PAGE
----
California Dreaming


A pal in California drew my attention to a news report and an editorial from the San Francisco Chronicle. It’s dated 1st June, 2011.

Silicon Valley’s local newspaper

The Chronicle is one of Silicon Valley’s key local papers. I’m not a regular reader but I have always understood that, perhaps unsurprisingly, the Chronicle is reasonably clued up on cyber stuff and not prone to the hysteria which can affect some parts of the media whenever anything to do with the internet hoves into view.

On the day in question the Chronicle carried a report and an editorial on the fate of the Internet Privacy Bill. It had just been presented a second time in the State Legislature by Senator Ellen Corbett, a Democrat.

Senator Corbett’s Bill essentially envisaged social networking sites being required to create strong default privacy settings for new users. These would cover such things as current location, home address, telephone number, financial accounts and mother’s maiden name. Of course the user could later liberalise these settings if they chose to but this is how things would be at the off.

96 hour deadline

The Bill also anticipated sites being required to remove all personally identifiable information within 96 hours of a request from a user, or a parent in the case of someone who is under the age of 18.

Rather predictably leading industry players, through the Internet Alliance, opposed the measure. Seemingly one of the arguments they advanced in relation to the 96 hours proposal was that

Social networks do not currently have the technology to delete a customer’s information from the entire site.

I think I know what the Alliance was trying to say but this was a very poor way of expressing it. Once information is out on the internet you never know where it will end up. It is foolish to pretend you can ever be sure to get it all back, much less make an individual site responsible for so doing.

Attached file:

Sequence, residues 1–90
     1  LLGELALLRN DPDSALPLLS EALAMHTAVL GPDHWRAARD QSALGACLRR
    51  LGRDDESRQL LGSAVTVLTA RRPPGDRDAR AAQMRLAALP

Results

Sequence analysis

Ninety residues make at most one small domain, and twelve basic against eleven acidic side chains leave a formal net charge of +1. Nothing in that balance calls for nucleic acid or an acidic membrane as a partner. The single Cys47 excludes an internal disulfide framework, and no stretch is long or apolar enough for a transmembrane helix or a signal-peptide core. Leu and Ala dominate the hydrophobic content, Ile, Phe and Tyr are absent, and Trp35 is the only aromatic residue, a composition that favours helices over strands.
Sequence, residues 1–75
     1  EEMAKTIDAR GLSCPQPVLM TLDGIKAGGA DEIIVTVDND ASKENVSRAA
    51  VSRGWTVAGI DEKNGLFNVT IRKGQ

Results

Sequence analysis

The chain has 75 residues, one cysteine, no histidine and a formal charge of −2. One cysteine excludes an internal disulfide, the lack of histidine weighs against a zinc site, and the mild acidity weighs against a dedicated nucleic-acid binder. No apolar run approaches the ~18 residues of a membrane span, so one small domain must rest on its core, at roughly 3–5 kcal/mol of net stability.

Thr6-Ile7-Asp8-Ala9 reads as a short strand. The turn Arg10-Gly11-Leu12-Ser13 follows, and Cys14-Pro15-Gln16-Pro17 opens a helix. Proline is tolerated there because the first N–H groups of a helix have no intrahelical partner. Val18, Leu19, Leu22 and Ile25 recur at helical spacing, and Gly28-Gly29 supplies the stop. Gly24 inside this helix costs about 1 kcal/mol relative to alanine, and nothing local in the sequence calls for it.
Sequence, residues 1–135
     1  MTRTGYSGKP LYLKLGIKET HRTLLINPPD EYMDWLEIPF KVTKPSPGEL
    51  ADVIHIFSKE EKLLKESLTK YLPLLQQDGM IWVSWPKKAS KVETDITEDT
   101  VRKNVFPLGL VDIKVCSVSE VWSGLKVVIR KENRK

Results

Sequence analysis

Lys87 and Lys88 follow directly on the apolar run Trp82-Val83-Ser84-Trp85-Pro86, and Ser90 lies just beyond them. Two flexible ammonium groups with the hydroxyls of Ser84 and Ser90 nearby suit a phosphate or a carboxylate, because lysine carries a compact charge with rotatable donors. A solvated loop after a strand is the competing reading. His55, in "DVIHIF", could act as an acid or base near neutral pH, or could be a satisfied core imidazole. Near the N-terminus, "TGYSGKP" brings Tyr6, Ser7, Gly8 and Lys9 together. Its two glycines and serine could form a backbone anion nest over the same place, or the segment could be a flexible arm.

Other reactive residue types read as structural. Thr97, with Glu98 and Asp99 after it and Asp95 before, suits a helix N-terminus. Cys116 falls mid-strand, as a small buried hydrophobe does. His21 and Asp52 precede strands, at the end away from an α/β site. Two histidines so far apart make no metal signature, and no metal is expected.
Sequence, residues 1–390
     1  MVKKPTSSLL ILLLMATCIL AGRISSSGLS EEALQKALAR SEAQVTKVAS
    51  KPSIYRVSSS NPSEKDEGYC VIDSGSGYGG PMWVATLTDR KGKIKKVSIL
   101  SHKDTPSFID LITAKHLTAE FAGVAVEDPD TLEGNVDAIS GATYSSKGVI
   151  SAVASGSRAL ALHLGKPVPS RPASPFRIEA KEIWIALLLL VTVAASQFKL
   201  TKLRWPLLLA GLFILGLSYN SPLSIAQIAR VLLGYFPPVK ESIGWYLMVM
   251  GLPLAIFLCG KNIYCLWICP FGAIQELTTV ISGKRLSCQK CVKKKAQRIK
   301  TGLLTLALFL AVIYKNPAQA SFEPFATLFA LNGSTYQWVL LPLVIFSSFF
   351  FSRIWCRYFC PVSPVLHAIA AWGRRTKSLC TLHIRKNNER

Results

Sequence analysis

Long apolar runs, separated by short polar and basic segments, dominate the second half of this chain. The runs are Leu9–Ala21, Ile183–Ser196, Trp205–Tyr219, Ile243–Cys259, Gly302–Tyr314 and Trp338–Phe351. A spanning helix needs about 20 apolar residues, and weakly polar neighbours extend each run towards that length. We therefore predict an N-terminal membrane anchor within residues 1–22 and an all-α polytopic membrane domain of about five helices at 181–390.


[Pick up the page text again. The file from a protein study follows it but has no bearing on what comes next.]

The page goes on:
However, it was precisely because that is the case the leader in the Chronicle argued the clause was so necessary i.e. if these sensitive items were private by default it would reduce the possibility of the information they contained escaping into the void. They could only be released with the individual’s express knowledge and consent. This would require at least a minimal degree of thought and active engagement.

Gone but not forgotten

The Bill was beaten by five votes, with eight Senators absent. No doubt those eight will be called to explain their disappearance. The Bill may yet appear again in another form. 

Moreover, lest we forget, under the US Federal System there is many a slip ‘twixt State Legislature and the US Supreme Court. Getting something ostensibly passed into law in a single state does not mean it will necessarily ever be put into effect. Legal challenges are the norm not the exception in this area.

If you can’t win in the West

The point, though, is obvious. The debate in the internet’s home state is really not so very different from the debate in many other parts of the world.

If a vote of that kind can get so close in California I wonder if any internet company really believes it can hold back the tide for very much longer anywhere else on the planet?

About John Carr

John Carr is one of the world's leading authorities on children's and young people's use of digital technologies. He is Senior Technical Adviser to Bangkok-based global NGO ECPAT International, Technical Adviser to the European NGO Alliance for Child Safety Online, which is administered by Save the Children Italy and an Advisory Council Member of Beyond Borders (Canada). Amongst other things John is or has been an Adviser to the United Nations, ITU, the European Union, the Council of Europe and European Union Agency for Network and Information Security and is a former Executive Board Member of the UK Council for Child Internet Safety. He is Secretary of the UK's Children's Charities' Coalition on Internet Safety. John has advised many of the world's largest internet companies on online child safety. In June, 2012, John was appointed a Visiting Senior Fellow at the London School of Economics and Political Science. This was renewed in 2018. More:
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